Photograph of a woman census collector on a doorstep talking to a woman holding a child
    1976 census publicity photo

    In 1976 collectors were facing more antagonism at the door than in any other census. While this still only translated into a 2.7% underenumeration rate, this was still higher than at any time before or since. The 1976 census suffered from public condemnation both through the media and through political statements which were likely to have deterred some households from completing their schedules. Unfortunately, due to budget cuts, it was also difficult for the Bureau (now named The Australian Bureau of Statistics or ABS) to counter those messages publicly at the time.

    Due to the need for cost cutting and to split the costs over two financial periods, the processing of the 1976 census was conducted in two phases. Preliminary processing was carried out in decentralised centres in each state capital city, as well as Canberra and Darwin, immediately after the census. Around 600 temporary employees were hired for three months to extract very rudimentary information (age, sex, marital status and basic birthplace).

    However, the rest of the census was not processed until 1977–78. In fact, only 50% of the census was ever processed. This occurred in Sydney, where around 1,200 staff were employed for nine months, and was completed in early 1978.

    Censuses 1981 to 1996

    From the 1980s on, there was a much greater emphasis on public consultation and on publicity, with many staff employed in those areas for the first time. There were also some special efforts to contact culturally diverse groups. Wherever possible, Aboriginal and Torres Strait Islander people were recruited to collect from Indigenous people and the forms for remote communities were redesigned to allow them to be completed by the interviewer and to make them more relevant to people living in remote places. To reach people speaking languages other than English, a telephone interpreter service was added to the telephone inquiry service and multilingual brochures were made available.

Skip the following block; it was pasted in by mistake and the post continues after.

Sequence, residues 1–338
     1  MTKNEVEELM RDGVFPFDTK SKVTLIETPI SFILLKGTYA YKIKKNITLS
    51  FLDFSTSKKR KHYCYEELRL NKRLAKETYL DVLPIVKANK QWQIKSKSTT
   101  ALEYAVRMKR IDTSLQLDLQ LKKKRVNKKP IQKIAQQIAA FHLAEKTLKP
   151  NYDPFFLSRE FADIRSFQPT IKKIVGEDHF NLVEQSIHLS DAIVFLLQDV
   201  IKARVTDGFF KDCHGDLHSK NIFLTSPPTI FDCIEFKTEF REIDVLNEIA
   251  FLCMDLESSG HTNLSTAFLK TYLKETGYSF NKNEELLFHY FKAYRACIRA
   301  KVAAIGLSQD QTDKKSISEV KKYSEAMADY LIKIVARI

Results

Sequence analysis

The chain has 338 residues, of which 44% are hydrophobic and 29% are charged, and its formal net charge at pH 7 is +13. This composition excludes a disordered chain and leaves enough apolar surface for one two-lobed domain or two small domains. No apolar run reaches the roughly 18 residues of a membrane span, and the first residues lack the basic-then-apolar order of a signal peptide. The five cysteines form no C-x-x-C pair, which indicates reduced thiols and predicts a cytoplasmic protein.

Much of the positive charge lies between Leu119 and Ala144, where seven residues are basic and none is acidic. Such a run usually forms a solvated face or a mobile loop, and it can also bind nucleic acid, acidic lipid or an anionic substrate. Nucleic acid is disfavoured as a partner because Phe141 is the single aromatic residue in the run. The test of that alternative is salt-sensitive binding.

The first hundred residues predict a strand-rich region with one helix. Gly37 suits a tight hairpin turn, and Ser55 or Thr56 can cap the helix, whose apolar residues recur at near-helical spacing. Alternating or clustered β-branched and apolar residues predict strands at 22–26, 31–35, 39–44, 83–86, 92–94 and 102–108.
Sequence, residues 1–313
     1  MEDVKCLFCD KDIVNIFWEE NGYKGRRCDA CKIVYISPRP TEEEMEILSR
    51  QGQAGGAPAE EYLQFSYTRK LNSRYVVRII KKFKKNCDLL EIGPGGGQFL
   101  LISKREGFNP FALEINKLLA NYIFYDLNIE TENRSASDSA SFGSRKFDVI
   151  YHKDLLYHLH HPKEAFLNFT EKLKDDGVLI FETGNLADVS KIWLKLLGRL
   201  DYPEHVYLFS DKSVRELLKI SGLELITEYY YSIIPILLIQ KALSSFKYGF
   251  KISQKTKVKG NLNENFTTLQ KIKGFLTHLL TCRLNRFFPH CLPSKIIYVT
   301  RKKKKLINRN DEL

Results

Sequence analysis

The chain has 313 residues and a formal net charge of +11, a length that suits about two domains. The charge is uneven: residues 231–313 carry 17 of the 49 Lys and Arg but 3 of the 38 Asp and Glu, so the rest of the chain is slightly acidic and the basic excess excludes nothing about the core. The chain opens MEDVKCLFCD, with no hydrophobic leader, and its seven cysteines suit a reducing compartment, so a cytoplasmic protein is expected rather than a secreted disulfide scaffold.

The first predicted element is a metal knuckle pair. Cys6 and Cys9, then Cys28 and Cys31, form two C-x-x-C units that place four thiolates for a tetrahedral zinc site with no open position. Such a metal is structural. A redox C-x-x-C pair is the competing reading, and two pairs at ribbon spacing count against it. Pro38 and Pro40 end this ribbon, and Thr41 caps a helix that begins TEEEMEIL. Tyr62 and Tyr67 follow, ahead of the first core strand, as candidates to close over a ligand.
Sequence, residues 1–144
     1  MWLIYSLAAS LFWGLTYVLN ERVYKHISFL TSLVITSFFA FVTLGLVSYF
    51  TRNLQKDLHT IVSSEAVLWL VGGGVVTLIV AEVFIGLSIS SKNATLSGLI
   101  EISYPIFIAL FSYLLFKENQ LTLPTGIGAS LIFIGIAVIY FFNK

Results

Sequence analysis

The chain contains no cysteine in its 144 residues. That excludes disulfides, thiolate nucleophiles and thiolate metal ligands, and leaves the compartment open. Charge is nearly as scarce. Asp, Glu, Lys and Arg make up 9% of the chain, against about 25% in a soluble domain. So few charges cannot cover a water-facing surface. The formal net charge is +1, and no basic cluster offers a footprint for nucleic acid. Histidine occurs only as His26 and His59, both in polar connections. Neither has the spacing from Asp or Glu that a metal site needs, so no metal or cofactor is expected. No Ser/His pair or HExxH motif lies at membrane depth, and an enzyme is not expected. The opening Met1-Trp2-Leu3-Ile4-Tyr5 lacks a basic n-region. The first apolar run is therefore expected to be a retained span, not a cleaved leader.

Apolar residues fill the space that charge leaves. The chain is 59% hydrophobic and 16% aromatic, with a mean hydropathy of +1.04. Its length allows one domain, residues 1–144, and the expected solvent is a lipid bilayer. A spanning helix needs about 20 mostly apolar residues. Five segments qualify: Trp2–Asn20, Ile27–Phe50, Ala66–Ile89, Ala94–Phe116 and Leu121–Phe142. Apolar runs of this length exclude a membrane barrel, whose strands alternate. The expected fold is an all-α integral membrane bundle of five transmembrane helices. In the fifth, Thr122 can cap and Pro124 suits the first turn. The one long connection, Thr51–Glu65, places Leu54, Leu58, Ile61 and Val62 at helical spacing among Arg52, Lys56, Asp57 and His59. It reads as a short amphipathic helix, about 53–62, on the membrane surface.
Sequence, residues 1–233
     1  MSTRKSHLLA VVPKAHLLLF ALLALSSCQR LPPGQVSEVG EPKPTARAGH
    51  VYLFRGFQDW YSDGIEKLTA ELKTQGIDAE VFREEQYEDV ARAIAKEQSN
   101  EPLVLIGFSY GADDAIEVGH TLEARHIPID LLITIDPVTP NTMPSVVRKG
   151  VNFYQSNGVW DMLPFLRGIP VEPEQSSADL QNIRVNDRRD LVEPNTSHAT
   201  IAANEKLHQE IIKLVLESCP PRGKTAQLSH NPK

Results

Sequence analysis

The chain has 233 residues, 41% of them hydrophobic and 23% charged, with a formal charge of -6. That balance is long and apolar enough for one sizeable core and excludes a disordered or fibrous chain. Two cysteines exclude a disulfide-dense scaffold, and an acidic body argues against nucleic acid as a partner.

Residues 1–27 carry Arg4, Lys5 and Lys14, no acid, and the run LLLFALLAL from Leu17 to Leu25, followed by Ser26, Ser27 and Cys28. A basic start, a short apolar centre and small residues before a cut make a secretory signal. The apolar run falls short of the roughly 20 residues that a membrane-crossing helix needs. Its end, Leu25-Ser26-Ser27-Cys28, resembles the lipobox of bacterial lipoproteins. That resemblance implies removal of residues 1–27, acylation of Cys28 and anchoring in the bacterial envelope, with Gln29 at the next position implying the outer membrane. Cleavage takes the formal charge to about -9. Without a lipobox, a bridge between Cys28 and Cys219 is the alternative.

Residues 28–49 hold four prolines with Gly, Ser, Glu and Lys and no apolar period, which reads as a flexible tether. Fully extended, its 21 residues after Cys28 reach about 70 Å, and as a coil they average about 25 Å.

In total, 32,500 field staff were employed in 1981. Each collector visited on average 200 dwellings. In a change from the previous three censuses, processing was undertaken in Melbourne. Data was processed on a state by state basis with workloads varying depending on the state and the process. The maximum processing staff employed at any time was 2,000.

    Since 1921, the collection of the census had been supervised by the Australian Electoral Commission. However, in 1986 there were industrial disputes in the key electoral offices of New South Wales and Victoria which meant that the ABS needed to establish new arrangements for those states and undertook the management of those collections itself. In 1986 there were almost 30,000 collectors hired.

    After the 1986 census, a hazard of collecting was highlighted when the ABS was asked by the NSW Law Reform Commission to survey its collectors concerning their experiences with dogs. The survey found that 9% of collectors had been attacked by a dog whilst undertaking their duties and there were many other instances of near attacks. But dogs were not the only problem:...
        One collector was bitten by a horse... A few collectors were driven off by geese, two were pursued by pet emus, one was attacked by nesting plovers, and another had the misfortune to be chased by a large pig. (Endnote 8)